I went to a call with a shorted comp one day. I must have been in a mood because I actually reset the breaker a few times to watch the amp draw as it snapped the breaker silly.
On the 3rd try it tripped. So I then took apart the unit to do a meg ohm test, etc. Comp shorted directly to ground. Then I noticed no more power to anything when I saw the contactor not closed anymore. The whole house was dead.
Went to the main panel expecting the main 200 AMP to be tripped (which has happened before) and nope, it wasn't.
Shortly comes a APS service truck out to the neighborhood. He opened the transformer box and I blew a 15 amp fuse on the primary side of the transformer (12,000 volts)!
I killed the power to 4 houses!
Why does the Main CB trip (minimum 100A, probably 200) but not the 50 for the A/H?? Was the Question.
I was trying to answer why the 50 amp over current protective device didn't trip or fault but the 200 amp main in the house panel or main disconnect did. You have to look at available fault current, length and size of the branch circuit and feeder, and the transformer suppling the house. When you get a large spike on the system as occurred in the pictures, the circuit breaker (CB) will sometimes not trip at the first overload but may fault the first over current device on the circuit (House Main Over-current Protective Device). A circuit breaker will only fault/trip if the fault travels back to the utility transformer from the fault location and then back to the breaker. That is why molded case circuit breakers will not trip if the circuit is in an "open neutral" condition.
Originally posted by durango
A circuit breaker will only fault/trip if the fault travels back to the utility transformer from the fault location and then back to the breaker. That is why molded case circuit breakers will not trip if the circuit is in an "open neutral" condition.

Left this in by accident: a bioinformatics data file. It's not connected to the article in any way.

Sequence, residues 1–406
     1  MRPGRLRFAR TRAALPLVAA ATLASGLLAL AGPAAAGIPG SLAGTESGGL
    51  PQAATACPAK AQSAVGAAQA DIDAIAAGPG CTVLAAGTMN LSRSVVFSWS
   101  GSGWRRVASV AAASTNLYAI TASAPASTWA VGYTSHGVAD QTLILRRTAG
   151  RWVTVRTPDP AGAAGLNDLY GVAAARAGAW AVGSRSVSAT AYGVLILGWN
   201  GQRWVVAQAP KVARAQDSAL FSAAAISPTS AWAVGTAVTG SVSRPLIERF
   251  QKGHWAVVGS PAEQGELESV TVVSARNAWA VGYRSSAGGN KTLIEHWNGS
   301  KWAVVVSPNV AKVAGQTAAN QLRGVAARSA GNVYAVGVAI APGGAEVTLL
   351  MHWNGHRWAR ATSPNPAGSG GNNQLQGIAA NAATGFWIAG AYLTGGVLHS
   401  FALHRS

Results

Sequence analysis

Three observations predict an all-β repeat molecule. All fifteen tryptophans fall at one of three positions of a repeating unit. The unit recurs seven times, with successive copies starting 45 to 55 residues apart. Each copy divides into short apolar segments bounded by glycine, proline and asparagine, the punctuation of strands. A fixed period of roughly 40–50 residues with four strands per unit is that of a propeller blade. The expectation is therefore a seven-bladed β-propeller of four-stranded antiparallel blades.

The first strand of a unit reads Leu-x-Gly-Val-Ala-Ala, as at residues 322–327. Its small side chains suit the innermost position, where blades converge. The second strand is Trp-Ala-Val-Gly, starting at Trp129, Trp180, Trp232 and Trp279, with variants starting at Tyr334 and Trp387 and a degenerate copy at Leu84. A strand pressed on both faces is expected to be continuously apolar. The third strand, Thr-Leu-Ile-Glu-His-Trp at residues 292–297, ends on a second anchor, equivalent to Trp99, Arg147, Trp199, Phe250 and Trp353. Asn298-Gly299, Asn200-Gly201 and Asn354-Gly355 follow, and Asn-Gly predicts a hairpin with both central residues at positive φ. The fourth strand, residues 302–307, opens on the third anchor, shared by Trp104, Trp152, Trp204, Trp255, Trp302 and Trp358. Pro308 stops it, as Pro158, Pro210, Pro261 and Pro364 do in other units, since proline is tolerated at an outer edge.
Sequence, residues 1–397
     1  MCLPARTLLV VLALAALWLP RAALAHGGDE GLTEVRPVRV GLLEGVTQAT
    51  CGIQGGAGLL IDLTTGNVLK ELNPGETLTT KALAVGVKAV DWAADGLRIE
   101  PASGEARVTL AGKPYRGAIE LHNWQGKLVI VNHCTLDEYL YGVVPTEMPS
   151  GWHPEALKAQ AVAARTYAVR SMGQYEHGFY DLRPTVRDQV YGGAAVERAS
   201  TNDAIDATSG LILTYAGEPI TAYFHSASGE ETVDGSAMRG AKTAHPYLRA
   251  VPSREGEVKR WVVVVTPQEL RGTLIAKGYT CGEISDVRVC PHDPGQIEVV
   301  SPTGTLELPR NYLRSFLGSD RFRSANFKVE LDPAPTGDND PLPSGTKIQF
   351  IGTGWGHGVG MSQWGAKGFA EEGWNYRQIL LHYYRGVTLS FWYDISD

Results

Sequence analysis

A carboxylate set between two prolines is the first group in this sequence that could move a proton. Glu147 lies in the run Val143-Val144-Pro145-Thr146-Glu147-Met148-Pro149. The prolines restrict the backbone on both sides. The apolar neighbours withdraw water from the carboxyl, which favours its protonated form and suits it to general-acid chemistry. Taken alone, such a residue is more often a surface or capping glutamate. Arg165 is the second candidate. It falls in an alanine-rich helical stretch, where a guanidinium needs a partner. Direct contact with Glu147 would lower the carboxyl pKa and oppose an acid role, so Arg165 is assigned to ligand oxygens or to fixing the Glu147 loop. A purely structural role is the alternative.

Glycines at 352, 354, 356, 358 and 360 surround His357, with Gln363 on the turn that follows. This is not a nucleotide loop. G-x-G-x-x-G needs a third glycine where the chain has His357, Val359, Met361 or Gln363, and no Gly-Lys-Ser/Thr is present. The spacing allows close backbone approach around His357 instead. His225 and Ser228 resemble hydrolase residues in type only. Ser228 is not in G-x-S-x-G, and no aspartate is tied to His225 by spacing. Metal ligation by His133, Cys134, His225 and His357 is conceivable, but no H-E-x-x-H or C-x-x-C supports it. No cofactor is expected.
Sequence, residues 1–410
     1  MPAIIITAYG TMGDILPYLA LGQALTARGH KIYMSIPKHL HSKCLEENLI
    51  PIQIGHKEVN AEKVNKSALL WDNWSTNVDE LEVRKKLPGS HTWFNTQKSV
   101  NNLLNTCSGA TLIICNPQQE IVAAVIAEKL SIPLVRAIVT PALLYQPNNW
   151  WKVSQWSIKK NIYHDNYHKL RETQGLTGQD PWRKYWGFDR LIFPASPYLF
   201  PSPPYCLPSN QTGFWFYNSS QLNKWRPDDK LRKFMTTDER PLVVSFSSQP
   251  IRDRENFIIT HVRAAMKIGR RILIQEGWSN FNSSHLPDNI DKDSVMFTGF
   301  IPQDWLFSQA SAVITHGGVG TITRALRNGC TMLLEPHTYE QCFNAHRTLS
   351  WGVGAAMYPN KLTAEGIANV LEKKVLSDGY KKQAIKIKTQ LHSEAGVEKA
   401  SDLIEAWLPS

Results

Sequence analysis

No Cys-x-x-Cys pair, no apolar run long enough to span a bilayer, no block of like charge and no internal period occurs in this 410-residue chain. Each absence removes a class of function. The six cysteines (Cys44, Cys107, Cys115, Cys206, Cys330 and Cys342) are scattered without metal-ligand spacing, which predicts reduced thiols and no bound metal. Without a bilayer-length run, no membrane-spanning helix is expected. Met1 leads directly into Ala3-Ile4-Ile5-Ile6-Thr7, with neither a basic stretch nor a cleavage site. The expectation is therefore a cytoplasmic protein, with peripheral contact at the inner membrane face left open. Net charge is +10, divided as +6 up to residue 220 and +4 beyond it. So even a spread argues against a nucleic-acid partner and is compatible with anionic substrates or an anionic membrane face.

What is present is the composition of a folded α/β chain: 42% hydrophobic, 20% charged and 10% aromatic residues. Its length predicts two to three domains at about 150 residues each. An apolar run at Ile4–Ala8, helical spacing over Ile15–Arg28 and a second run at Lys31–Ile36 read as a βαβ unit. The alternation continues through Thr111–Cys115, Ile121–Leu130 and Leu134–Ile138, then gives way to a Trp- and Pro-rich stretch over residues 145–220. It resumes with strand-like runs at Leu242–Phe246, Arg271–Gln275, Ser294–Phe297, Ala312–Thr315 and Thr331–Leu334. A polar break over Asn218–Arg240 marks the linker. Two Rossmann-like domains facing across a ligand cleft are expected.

Maybe you should reconsider these statements.
Consider the express purpose of a ground conductor and the ground electrode conductor.
How you doing Wolfman, no I think I will stand by my statement. A grounded conductor is a neutral conductor that is bonded or intentionally connected at the main grounding point of the service equipment or separately derived system (transformer, ups, etc.)where a grounding connection is made to a grounding electrode system(foundation steel, made electrode, metal water pipe or other effectively grounded system). The grounding conductor is used solely to connect equipment or the grounded (neutral) circuit of a wiring sytem to a grounding electrode system usually by a grounding electrode conductor. This conductor connects the grounding electrode to the equipment grounding conductor , or the grounded (neutral) conductor or both at the circuit at the service equipment or at the source of a separately derived system at least according to Article 100 and 250 of the NEC 1999 Edition, sorry didn't have my 2002 available.
A molded case circuit breaker will only function if the fault travels along a grounding path back to the transformer and returns to the device. At least this is what I have been taught in continuing ed. courses. A better source for information on this might be a manufacturer than me.
Sorry about being so long winded on this.
I appreciate the effort fellas, but I still don't get it how a 200 amp main or a fuse like Payson will fault before a 50amp CB...
Obviously, it's never happened to me, and I realize strange things happen with electricity sometimes, but a 50 is still a 50 and should (in my mind) trip before a 200...?